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Iztaccíhuatl volcanoIztaccíhuatl volcano (also spelled Ixtaccíhuatl) is a massive andesitic stratovolcano next to the famous neighbor Popocatépetl volcano. It is the 3rd highest mountain of Mexico.
Iztaccíhuatl has the profile of a sleeping woman when seen from the Valley of Mexico, which gave it its name meaning "Woman in White", referring also to the Ayoloco glacier covering its summit. Geologically, it is the predecessor volcano of Popocatépetl and now in its final stages of infrequent activity, with some activity sometime less than 11,000 years ago.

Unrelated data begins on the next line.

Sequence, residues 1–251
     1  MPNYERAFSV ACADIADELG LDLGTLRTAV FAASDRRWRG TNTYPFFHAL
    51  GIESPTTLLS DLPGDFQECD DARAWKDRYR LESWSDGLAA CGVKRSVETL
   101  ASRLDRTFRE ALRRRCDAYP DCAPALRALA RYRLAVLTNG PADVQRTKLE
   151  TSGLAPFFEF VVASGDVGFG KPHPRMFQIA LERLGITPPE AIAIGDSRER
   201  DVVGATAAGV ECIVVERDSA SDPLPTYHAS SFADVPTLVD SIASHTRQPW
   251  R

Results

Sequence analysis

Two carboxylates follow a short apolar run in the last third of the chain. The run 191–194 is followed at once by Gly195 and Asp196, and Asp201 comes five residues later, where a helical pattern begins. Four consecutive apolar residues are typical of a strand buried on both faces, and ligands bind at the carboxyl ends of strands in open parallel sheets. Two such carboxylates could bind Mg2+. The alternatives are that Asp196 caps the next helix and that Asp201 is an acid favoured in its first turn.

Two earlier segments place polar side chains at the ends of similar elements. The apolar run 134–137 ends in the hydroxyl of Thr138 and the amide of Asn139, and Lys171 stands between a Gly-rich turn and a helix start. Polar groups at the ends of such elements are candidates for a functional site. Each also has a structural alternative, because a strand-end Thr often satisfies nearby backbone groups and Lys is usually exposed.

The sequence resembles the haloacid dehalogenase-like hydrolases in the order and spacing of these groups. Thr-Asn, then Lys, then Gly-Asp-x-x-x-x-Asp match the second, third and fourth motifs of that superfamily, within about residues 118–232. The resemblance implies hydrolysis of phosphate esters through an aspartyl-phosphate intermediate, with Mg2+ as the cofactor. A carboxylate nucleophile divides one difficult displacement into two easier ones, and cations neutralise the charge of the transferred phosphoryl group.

Background:A series of overlapping cones constructed along a NNW-SSE line to the south of the Pleistocene Llano Grande caldera forms the summit ridge of the massive 450 cu km volcano. Andesitic and dacitic Pleistocene and Recent volcanism has taken place from vents at or near the summit of Volcán Iztaccíhuatl. Valley headwalls near the summit vent (El Pecho) are draped with flows and tuff beds post-dating an 11,000 years before present glaciation. The youngest vents are located at the summit and a depression at 5100 m along the summit ridge midway between El Pecho and Los Pies (White 1986). Nixon (1989) considered all summit lavas to be Pleistocene in age, but noted a postglacial dacitic vent on the south flank of Iztaccíhuatl, north of the saddle between it and Popocatépetl.
(Source: GVP / Smithsonian volcano information)